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Bill H.
Republican MI 2

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  • Awarding Congressional Gold Medal to the Foot Soldiers Who Participated in Bloody Sunday, Turnaround Tuesday, or the Final Selma to Montgomery Voting Rights March in March of 1965

    by Representative Bill Huizenga

    Posted on 2015-02-11

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    Read More about Awarding Congressional Gold Medal to the Foot Soldiers Who Participated in Bloody Sunday, Turnaround Tuesday, or the Final Selma to Montgomery Voting Rights March in March of 1965

    HUIZENGA of Michigan. Mr. Speaker, I move to suspend the rules and pass the bill (H.R. 431) to award a Congressional Gold Medal to the Foot Soldiers who participated in Bloody Sunday, Turnaround Tuesday, or the final Selma to Montgomery Voting Rights March in March of 1965, which served as a catalyst for the Voting Rights Act of 1965.



    The Clerk read the title of the bill.

    The text of the bill is as follows: H.R. 431 Be it enacted by the Senate and House of Representatives of the United States of America in Congress assembled, SECTION 1. FINDINGS.

    The Congress finds the following: (1) March 7, 2015, will mark 50 years since the brave Foot Soldiers of the Voting Rights Movement first attempted to march from Selma to Montgomery on ``Bloody Sunday'' in protest against the denial of their right to vote, and were brutally assaulted by Alabama state troopers.

    (2) Beginning in 1964, members of the Student Nonviolent Coordinating Committee attempted to register African- Americans to vote throughout the state of Alabama.

    (3) These efforts were designed to ensure that every American citizen would be able to exercise their constitutional right to vote and have their voices heard.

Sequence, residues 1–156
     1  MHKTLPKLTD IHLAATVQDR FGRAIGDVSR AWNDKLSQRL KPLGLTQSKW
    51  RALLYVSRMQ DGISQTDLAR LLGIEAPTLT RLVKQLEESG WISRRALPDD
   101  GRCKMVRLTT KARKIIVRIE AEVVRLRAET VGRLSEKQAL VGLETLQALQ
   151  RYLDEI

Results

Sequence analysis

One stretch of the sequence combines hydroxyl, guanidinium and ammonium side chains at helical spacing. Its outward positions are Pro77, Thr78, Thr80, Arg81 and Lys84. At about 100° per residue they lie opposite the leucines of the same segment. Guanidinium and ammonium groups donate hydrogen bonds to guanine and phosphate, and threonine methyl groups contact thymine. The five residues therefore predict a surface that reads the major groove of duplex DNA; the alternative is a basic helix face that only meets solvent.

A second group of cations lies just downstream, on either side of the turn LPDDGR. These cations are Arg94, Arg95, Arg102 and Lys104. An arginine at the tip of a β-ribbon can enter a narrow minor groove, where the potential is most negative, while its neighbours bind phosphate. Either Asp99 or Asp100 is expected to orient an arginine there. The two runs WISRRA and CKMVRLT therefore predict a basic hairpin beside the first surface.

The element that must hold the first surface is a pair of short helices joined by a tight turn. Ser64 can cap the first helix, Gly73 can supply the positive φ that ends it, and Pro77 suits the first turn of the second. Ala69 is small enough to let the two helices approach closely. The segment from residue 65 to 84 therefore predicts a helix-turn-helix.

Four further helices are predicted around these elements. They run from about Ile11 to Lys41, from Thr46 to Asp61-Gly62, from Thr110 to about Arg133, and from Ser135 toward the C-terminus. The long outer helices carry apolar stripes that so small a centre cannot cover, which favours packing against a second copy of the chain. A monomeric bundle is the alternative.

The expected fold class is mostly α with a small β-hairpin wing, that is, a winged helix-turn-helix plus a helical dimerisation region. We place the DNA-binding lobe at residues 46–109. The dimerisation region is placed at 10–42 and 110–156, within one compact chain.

(4) By December of 1964, many of these efforts remained unsuccessful. Dr. Martin Luther King, Jr., working with leaders from the Student Nonviolent Coordinating Committee and the Southern Christian Leadership Conference, began to organize protests throughout Alabama.

    (5) On March 7, 1965, over 500 voting rights marchers known as ``Foot Soldiers'' gathered on the Edmund Pettus Bridge in Selma, Alabama in peaceful protest of the denial of their most sacred and constitutionally protected right--the right to vote.

    (6) Led by John Lewis of the Student Nonviolent Coordinating Committee and Rev. Hosea Williams of the Southern Christian Leadership Conference, these Foot Soldiers began the march towards the Alabama State Capitol in Montgomery, Alabama.

    (7) As the Foot Soldiers crossed the Edmund Pettus Bridge, they were confronted by a wall of Alabama state troopers who brutally attacked and beat them.

    (8) Americans across the country witnessed this tragic turn of events as news stations [[Page H931]] broadcasted the brutality on a day that would be later known as ``Bloody Sunday.'' (9) Two days later on Tuesday, March 9, 1965, nearly 2,500 Foot Soldiers led by Dr. Martin Luther King risked their lives once more and attempted a second peaceful march starting at the Edmund Pettus Bridge. This second attempted march was later known as ``Turnaround Tuesday.'' (10) Fearing for the safety of these Foot Soldiers who received no protection from federal or state authorities during this second march, Dr. King led the marchers to the base of the Edmund Pettus Bridge and stopped. Dr. King kneeled and offered a prayer of solidarity and walked back to the church.

    (11) President Lyndon B. Johnson, inspired by the bravery and determination of these Foot Soldiers and the atrocities they endured, announced his plan for a voting rights bill aimed at securing the precious right to vote for all citizens during an address to Congress on March 15, 1965.